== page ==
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  1. #1
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    If you could have been told just one thing.....

    If you would have been told just one thing before your first Western States hunt, what would it have been? If you could recommend one resource for a new Western hunter what would it be?

    I am lucky enough to have grown up in Wyoming, and things like elevation, never wear cotton, and other typical things are second nature. If you could share one thing with a new guy hunting in conditions similar to yours, what would it be?

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    This could be a great thread. Hopefully lots of guys reply.

    I don't have a ton of experience so maybe this is also common knowledge but my tip would be to have an extra pair of boot laces in your pack.....

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  4. #3
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    I would say to use the best optics you can afford would be number one for me.

    Second would be learn to shoot farther then 50 yards.

    Third would be to know how to glass

    The only place at that time that I knew about on a great place for a resource would be my family that hunted. I would hunt with my Uncle and he taught me as we went.

    As for now IMO although slightly bias is this Forum and the Eastmans magazines.
    I don't Break the rules, I Modify them.

  5. #4
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    The "Don't wear cotton!" subject is for sure one to note. A few years ago my old hunitng partner shot a bull in a deep canyon, the next day we went to recover it wearing nothing but levis and cotton sweatshirts. About an hour down the cayon it started to rain, by 10:00 a.m. we were soaked to the bone. We weren't cold yet but we had 2000 ft to climb back out ahead of us, by 2:00 p.m. we climbed enough evevation that we hit the snowline and by now ere extremely cold. We made it out at about 4:30 p.m. and were suffering from the early stages of hypothermia. It was supposed to be a quick 5-6 hour recovery, but it didn't go as planned, it took us over 10 hours. Here's the canyon we were in.
    Attached Thumbnails Attached Thumbnails 2010 Elk hunt 007.jpg   2010 Elk hunt 008.jpg  

  6. #5
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    Everything comes so fast and unexpected your first few times. DO NOT expect to kill anything your first time, maybe not your first few times.

  7. #6
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    Be there before first light, and stay until dark.

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  9. #7
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    Quote Originally Posted by Ikeepitcold View Post
    Second would be learn to shoot farther then 50 yards.
    This is pretty big on my advice list..........not sure how many folks I have come across in the NV mountains blazing shots, sounding like WWIII. Some occasions I get to talk to them once the dust has cleared and it seems all of them have never shot past 100 yards and they were not sure how the gun was sighted in. They were used to close encounters, mostly guys from California.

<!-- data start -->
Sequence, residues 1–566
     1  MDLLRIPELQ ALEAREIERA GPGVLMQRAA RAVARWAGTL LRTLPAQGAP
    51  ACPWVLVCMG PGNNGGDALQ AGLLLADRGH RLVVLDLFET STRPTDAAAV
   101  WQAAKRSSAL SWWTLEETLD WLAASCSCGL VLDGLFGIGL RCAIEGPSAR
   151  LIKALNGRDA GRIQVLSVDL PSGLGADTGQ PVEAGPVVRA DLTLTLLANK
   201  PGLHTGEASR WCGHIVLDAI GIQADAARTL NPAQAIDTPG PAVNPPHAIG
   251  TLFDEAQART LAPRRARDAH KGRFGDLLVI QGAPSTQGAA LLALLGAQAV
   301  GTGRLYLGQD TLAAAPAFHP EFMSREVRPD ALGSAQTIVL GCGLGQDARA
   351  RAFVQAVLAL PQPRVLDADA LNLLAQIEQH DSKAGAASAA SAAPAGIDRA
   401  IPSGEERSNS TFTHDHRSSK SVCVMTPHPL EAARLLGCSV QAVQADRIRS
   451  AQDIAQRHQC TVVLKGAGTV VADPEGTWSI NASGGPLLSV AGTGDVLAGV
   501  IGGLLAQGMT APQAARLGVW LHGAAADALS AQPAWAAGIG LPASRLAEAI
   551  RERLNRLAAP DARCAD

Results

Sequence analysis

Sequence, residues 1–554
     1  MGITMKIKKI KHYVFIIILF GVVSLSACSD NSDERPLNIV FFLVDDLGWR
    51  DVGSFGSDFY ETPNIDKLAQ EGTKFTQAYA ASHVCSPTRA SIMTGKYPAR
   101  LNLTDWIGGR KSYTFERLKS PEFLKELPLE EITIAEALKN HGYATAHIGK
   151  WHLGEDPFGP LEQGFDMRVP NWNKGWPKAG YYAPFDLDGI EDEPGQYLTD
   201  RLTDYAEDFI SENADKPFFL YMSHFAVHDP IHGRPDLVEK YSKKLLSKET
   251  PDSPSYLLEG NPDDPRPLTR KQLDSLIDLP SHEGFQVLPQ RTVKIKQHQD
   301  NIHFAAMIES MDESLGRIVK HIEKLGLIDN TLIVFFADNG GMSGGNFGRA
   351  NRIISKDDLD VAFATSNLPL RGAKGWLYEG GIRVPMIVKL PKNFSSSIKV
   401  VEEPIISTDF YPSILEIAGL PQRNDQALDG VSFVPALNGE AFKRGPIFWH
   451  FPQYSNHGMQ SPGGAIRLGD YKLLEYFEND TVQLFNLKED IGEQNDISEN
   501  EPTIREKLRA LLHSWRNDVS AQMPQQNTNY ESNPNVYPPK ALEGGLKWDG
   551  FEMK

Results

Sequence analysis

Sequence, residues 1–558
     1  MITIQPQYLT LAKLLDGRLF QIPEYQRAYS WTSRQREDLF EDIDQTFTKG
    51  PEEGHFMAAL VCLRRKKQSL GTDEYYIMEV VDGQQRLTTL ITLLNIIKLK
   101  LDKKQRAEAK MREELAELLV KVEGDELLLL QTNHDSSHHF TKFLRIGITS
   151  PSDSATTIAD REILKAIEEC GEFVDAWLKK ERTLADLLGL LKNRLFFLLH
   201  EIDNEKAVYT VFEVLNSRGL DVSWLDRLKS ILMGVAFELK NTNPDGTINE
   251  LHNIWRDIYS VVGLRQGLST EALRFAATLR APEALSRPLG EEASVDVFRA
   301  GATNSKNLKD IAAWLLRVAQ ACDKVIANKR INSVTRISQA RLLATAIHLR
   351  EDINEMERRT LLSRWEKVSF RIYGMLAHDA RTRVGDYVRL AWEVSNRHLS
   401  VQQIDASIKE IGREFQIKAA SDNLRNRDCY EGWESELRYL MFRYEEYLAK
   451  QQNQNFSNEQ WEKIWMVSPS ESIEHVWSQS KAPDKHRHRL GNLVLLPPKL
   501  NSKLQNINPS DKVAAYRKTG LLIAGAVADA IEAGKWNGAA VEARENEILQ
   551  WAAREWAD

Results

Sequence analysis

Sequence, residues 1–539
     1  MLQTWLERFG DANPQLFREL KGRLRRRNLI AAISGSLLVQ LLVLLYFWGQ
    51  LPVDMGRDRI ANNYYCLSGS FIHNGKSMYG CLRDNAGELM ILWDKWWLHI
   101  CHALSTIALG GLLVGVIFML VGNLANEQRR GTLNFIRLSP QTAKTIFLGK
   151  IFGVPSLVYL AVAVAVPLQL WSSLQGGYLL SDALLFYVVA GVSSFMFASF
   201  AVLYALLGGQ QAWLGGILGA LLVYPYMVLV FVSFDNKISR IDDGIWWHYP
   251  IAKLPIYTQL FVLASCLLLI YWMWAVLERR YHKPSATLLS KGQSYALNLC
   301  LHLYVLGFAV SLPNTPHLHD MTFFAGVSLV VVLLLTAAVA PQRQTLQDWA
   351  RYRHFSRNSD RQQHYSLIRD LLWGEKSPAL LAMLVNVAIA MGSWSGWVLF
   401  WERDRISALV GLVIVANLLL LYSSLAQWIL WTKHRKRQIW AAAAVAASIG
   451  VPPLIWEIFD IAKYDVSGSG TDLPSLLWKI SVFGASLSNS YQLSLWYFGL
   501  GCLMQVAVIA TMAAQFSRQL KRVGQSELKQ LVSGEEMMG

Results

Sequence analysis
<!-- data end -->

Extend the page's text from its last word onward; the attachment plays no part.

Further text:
So I would say practice, practice, practice with whatever weapon you choose to hunt with and know what that particular weapon is capable of.

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  11. #8
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    1. Be prepared for ANY weather conditions on any hunt. You never know when you could get a foot of snow in September.

    2. Get a good map of the area (blm,fs,ect) and a gps with a huntinggpsmaps chip so you know where you can and cant hunt.

    I learned both those things the hard way and a few fairly miserable hunts I have been on would have been completely different had I known them. To me nothing is worse then being cold wet miserable and not knowing where you can and cant hunt.

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    Make sure you have good boots and thet they are broke in prior to the hunt.

    Don't expect to see anything from a vehicle.

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  15. #10
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    So many 'just one things'....

    On your first hunt out west- Make it an antelope hunt, easier, and more fun... And you'll probably actually fill a tag.

    While on your first antelope hunt- Either before or after, put about 50 pounds in your pack, and go climb a big mountain. You'll figure out what kind of shape you actually need to be in.

    On your first backpack hunt- Unpack about half the stuff that's currently in your pack, you don't need 300 feet of rope, or 4 knives, or 7 days worth of food for a 5 day hunt.

    Most importantly: GET IN SHAPE! You will hate the hunt if you can't physically do it. And make sure your partner is in shape as well, especially if you are planning on hunting together the entire time.
    My mind is a raging torrent, flooded with rivulets of thought cascading into a waterfall of creative alternatives.

 

 

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